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Thread: 27" on 700c

  1. #1
    Senior Member wtgrantham's Avatar
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    27" on 700c

    Are there any issues with running a 27" wheelset on a frame built for 700c as long as there is clearance?

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    higher bottom bracket, brakes

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    Bicycle Repair Man !!! Sixty Fiver's Avatar
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    Nope.

    The bike will sit a few mm higher and this will affect the handling a little... brakes will need room to slide the pads up or new brakes will be needed.

    Finding tyres won't be as easy as it is with 700c wheels as the selection is far more limited.

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    AEO
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    but why would you want to use 27" instead of 700c?
    Food for thought: if you aren't dead by 2050, you and your entire family will be within a few years from starvation. Now that is a cruel gift to leave for your offspring. ;)
    http://sanfrancisco.ibtimes.com/arti...ger-photos.htm

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    Senior Member wtgrantham's Avatar
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    I have 3 sets of 27" wheels and was hoping to use one of them rather than having to buy another set or rims to rebuild.

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    AEO
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    good enough reason for me.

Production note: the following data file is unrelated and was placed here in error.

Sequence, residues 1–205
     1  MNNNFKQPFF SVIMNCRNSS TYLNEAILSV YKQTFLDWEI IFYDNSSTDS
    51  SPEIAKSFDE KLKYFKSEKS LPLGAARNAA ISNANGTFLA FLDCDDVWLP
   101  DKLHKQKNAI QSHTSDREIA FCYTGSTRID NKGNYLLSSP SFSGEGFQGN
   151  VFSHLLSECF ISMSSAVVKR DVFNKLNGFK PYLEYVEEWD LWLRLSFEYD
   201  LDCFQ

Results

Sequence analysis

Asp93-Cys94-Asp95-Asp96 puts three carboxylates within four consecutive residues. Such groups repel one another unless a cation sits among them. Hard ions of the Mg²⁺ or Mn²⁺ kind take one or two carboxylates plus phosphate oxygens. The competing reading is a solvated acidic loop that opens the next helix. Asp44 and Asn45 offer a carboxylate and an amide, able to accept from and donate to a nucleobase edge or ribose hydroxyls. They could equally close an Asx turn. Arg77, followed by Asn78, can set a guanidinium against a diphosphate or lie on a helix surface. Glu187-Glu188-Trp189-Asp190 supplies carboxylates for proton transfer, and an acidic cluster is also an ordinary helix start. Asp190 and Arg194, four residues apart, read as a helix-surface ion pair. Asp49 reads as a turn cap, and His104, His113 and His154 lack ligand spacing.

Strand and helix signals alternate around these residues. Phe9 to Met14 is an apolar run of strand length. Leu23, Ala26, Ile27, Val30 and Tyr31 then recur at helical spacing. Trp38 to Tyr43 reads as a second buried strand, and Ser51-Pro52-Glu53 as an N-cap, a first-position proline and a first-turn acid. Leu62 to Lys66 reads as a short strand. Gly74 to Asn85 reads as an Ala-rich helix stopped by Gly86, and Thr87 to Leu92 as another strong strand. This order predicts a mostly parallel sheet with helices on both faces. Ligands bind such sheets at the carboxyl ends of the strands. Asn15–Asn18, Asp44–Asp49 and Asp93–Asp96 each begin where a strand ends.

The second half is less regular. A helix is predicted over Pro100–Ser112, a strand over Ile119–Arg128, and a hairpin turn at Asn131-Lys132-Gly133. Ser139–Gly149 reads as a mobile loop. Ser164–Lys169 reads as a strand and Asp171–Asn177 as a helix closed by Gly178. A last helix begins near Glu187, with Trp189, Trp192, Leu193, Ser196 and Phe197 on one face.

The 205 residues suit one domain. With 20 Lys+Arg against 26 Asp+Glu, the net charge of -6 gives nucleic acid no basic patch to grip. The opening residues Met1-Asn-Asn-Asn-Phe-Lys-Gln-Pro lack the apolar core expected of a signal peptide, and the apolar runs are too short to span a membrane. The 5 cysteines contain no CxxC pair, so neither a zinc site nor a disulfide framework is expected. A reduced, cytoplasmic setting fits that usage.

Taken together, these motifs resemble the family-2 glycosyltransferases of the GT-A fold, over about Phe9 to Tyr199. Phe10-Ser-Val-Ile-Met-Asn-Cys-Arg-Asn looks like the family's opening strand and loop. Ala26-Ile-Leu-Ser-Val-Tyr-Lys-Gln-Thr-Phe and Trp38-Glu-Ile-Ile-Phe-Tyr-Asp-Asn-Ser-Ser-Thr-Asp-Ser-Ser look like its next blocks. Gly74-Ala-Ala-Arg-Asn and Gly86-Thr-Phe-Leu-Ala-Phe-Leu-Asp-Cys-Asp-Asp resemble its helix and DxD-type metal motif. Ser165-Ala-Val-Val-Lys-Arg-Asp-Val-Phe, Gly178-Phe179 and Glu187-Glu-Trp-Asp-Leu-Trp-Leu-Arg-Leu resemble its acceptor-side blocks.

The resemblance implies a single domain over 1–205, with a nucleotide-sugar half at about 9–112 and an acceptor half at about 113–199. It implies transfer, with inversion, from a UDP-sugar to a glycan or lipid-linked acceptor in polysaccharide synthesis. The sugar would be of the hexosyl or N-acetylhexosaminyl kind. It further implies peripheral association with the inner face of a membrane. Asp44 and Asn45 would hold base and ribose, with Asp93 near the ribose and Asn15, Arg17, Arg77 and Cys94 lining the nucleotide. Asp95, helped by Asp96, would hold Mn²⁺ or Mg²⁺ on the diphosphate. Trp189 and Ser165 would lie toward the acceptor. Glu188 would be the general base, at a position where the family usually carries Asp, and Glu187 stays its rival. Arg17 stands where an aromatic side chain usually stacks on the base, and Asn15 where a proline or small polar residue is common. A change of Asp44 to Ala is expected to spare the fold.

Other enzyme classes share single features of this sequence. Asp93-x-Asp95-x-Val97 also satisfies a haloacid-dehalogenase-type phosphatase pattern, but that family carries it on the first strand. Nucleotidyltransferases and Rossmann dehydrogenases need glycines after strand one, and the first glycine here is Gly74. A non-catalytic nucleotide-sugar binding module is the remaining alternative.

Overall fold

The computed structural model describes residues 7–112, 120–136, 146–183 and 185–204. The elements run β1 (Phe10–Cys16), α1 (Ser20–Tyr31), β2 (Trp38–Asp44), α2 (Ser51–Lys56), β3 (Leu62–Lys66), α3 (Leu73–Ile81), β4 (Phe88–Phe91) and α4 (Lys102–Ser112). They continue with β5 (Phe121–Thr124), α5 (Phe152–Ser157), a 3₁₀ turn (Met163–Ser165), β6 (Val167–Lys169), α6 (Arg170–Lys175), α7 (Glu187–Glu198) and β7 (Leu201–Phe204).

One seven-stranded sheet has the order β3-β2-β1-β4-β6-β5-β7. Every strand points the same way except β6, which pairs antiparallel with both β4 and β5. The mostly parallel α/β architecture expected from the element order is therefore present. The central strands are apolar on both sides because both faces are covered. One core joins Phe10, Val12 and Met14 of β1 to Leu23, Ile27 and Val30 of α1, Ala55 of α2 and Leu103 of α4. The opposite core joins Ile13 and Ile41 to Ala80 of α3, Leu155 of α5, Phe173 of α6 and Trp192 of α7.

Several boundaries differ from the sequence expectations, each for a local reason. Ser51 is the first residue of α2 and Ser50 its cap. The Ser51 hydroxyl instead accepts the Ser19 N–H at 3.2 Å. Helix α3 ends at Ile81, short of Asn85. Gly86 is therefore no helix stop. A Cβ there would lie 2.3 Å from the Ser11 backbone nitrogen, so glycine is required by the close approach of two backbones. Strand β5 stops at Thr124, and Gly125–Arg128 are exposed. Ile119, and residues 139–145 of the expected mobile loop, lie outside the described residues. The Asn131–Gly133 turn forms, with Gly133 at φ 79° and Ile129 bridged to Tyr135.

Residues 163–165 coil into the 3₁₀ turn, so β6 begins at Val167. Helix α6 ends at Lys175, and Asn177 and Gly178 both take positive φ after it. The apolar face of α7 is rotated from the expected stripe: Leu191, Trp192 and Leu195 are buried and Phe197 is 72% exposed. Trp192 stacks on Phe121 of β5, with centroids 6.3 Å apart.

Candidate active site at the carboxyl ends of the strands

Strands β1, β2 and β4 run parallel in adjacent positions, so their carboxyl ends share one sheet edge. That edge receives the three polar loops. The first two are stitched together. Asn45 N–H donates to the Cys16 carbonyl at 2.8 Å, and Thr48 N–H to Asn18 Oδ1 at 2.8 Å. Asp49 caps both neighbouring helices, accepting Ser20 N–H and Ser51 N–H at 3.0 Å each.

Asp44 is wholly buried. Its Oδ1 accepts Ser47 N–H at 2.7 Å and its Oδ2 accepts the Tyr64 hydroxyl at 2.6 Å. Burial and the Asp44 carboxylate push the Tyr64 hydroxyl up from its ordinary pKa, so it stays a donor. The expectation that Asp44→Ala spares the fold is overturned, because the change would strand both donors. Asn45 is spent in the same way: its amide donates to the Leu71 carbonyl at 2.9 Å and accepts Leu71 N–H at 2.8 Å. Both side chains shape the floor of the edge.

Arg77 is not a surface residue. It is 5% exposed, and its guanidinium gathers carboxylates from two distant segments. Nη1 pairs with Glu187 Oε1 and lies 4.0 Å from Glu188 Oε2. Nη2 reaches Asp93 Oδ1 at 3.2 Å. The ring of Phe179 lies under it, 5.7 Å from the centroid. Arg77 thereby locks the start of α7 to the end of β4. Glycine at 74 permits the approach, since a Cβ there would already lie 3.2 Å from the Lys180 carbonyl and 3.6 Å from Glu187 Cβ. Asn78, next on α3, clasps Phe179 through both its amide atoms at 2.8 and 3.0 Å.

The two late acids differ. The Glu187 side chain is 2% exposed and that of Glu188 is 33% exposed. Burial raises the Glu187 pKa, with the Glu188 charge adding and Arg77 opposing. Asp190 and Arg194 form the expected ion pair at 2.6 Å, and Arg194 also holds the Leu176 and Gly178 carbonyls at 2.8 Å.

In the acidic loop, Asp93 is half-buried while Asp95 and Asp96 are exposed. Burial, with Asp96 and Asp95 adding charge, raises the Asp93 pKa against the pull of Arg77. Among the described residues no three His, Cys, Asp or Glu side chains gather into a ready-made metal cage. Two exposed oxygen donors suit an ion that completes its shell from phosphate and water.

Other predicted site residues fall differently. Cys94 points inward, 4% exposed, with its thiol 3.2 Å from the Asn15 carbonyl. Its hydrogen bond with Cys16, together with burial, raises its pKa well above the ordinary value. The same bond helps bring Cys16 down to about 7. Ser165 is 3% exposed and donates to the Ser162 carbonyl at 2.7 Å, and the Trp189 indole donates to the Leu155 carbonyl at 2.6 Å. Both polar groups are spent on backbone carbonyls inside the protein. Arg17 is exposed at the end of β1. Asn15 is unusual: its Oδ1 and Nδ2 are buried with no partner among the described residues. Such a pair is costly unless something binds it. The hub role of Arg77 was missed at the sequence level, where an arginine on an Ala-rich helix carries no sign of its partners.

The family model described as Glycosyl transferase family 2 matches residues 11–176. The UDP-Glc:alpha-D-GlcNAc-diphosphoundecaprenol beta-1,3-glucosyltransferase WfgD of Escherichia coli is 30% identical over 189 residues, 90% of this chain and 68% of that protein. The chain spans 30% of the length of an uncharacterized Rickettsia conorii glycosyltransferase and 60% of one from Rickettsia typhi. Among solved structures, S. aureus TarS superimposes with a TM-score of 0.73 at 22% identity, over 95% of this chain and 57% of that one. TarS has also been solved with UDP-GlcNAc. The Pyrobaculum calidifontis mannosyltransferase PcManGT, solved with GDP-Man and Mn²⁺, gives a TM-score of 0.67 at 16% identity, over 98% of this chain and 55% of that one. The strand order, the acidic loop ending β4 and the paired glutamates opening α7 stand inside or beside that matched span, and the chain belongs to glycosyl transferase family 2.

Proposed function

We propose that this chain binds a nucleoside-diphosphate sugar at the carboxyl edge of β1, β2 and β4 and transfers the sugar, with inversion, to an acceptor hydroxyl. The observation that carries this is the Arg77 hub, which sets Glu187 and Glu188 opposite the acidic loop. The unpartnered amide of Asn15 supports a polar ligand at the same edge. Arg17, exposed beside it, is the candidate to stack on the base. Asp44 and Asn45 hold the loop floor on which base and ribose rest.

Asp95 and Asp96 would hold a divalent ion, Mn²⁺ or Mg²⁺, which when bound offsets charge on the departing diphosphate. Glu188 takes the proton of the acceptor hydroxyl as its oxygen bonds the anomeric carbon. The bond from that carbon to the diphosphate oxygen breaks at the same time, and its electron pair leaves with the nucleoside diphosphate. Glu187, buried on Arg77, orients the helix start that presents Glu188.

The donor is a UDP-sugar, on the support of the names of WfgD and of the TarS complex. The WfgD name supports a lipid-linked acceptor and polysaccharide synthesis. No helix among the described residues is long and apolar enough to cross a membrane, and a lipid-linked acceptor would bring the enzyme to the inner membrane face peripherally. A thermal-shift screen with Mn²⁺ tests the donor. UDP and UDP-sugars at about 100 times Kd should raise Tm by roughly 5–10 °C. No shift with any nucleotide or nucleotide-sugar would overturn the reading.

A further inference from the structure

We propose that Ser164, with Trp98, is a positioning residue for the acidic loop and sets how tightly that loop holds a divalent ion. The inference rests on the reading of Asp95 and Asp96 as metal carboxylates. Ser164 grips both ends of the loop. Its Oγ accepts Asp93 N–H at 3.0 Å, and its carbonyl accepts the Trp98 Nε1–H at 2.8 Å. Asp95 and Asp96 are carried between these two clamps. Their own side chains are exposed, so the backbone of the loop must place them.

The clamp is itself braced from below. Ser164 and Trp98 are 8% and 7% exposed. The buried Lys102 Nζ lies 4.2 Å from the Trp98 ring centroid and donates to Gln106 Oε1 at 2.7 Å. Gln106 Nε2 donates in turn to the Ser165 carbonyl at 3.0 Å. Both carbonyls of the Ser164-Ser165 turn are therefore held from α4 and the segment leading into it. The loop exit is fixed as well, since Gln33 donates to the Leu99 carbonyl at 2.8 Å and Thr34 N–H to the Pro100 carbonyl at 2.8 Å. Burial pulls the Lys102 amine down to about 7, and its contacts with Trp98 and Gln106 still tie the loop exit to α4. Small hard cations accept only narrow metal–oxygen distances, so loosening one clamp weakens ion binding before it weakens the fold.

it's not that different compared to using a larger/fatter tire on the wheel, and assuming the frame has clearance for 27", it was probably built with fatter tires in mind.
    Food for thought: if you aren't dead by 2050, you and your entire family will be within a few years from starvation. Now that is a cruel gift to leave for your offspring. ;)
    http://sanfrancisco.ibtimes.com/arti...ger-photos.htm

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    bike whisperer Kimmo's Avatar
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    The biggest issue is that you'll have to search high and low for even half-decent tyres.

    You may even need to discover some NOS to avoid having to fit something really crappy.

  8. #8
    me have long head tube TallRider's Avatar
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    I've had no problem finding fine tires for 27". But, I live in the U.S., which may have more of a market, and the bikes on which I run 27" wheels aren't my nicest bikes - I'm just looking for something durable and not too heavy.

  9. #9
    BeaverTerror Yan's Avatar
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    You'll need to move your brake pads up by 4mm. If your brakes allow this and your frame has clearance for the tires you want to run, you'll be fine. If you have horizontal dropouts, push the wheel all the way to the rear for a bit of additional clearance.
    Yan

    2013 True North custom touring; 2010 Novara Randonee; 2009 Unicycle.com Club 24"; 1989 Miele Tivoli; 1979 Colnago Sport

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    me have long head tube TallRider's Avatar
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    the 4mm difference in brake pad placement comes from 700c rims having 622m diameter, and 27" rims having 630mm diameter. 8mm diameter difference = 4mm radius difference.

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